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Mongolian Nomads Hunt with Eagles as a Family Tradition

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Nomadic Mongolian herders hunt with golden eagles. The tradition is special because unless your father was an eagle hunter, you cannot be one either.

There are only around 400 falconers who hunt with eagles in the entire world (there are only about a dozen in the United States), and most of them live in Mongolia. But what makes the nomadic Kazakh eagle hunters unique is that they do their hunting on horseback.

There’s no doubt that the image of a Mongolian Kazakh hunter in full traditional regalia and carrying a large golden eagle on his is her arm is pretty bad-ass impressive. The photos that photographer Joel Santos was able to take during his two years with the hunters are amazing.

Santos spent his time documenting the lives of four Kazakh families and their relationships with their eagles. It is a paternal tradition in the tribe, where your father must pass down the knowledge to his children. If your father was not an eagle hunter, neither can you be one. 

But it is a tradition not only for males to receive. Aishol Pan is one of two young girls who is an eagle hunter, having received instruction from her father. When she was 13 or 14 she won the annual Golden Eagle Festival, which is a celebration of the Kazakh lifestyle, with hunting competitions, racing, traditional costumes and more.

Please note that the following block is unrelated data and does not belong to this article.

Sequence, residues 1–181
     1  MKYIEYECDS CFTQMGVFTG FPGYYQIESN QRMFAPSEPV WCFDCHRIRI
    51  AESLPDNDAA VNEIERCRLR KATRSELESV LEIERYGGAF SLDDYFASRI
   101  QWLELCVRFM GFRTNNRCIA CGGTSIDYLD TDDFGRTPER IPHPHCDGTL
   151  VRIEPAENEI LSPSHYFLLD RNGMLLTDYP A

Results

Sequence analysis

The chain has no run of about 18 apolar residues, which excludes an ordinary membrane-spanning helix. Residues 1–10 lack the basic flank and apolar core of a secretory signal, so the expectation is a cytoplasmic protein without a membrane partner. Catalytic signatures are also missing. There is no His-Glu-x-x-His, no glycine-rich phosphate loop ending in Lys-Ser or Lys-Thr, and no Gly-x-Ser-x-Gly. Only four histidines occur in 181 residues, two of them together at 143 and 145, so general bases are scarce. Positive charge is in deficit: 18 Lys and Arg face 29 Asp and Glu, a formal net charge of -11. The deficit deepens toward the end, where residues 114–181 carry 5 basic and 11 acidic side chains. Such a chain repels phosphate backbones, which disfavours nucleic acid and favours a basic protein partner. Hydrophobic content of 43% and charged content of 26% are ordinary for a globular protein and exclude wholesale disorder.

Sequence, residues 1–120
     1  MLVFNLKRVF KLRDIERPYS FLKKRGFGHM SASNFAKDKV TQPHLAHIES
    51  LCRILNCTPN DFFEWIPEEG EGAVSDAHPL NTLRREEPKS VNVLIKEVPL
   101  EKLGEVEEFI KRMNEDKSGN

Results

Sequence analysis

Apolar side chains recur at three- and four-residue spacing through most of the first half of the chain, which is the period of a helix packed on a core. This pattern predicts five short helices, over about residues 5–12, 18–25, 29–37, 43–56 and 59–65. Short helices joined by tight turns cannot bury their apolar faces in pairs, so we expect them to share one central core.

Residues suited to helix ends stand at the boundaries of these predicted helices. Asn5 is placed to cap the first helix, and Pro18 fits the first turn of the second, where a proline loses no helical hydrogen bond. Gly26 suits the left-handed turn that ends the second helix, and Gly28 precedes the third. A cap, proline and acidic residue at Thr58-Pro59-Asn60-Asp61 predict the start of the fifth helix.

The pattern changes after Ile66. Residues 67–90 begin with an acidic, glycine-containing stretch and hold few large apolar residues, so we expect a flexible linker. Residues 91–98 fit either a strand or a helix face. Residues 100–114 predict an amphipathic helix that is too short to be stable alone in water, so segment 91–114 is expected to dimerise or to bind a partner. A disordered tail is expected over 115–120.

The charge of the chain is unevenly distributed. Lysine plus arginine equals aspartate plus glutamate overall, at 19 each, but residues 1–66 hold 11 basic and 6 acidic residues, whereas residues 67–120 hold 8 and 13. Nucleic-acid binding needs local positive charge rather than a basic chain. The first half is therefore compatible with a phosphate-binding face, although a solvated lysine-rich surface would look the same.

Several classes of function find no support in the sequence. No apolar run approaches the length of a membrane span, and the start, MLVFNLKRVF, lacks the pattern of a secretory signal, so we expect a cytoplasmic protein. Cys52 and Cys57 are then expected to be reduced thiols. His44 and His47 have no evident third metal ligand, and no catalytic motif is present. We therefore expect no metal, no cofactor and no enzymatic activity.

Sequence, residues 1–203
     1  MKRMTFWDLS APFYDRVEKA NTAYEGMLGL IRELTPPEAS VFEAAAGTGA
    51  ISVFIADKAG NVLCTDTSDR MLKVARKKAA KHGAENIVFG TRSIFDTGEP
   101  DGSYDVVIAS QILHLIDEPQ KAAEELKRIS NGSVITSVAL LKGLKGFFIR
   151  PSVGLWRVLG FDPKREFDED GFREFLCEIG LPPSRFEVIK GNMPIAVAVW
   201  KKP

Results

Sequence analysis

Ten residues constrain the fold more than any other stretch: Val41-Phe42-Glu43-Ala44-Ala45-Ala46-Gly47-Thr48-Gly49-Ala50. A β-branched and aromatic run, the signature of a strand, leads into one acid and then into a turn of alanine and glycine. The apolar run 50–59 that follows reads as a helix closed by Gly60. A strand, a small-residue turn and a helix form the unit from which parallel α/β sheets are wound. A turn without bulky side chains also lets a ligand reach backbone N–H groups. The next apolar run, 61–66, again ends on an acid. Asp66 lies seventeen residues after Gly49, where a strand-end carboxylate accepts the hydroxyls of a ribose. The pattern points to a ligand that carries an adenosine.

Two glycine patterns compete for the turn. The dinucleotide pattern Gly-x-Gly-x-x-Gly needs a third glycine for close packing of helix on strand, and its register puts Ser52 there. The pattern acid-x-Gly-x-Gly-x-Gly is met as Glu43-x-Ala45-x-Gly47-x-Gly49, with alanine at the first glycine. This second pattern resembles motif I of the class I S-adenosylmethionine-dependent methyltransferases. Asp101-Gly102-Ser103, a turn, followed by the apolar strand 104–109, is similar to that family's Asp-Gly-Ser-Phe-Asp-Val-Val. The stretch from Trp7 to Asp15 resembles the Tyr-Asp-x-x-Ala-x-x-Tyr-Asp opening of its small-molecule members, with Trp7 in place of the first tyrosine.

“Let me say that the hunting process is extremely respectful in every way: the better the eagle is at hunting, the sooner it is returned to the wild to live its life as a free eagle,” said Santos. “The hunters only hunt what they need meat wise, so it’s not a kind of sport.”

He added, “All in all, the code of honour is amazing and has an inherent respect for age, nature and order.”

Only female eagles are caught and trained by the hunters, because of their larger size, and greater agility and focus. The eagles are released back into the wild when they reach 10 years of age – half of their life span.

“It’s like time travelling to a period where we were all in tune with nature, keeping the balance, upholding the father-to-son knowledge sharing,” said Santos. “That still exists, but it’s rare. Thus it is precious to see.”

Like what you see here? You can read more great articles by David Smith at his facebook page, Stumpjack Outdoors.

NEXT: Incredible Display of Falconry and “Stunt” Flying

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Mongolian Nomads Hunt with Eagles as a Family Tradition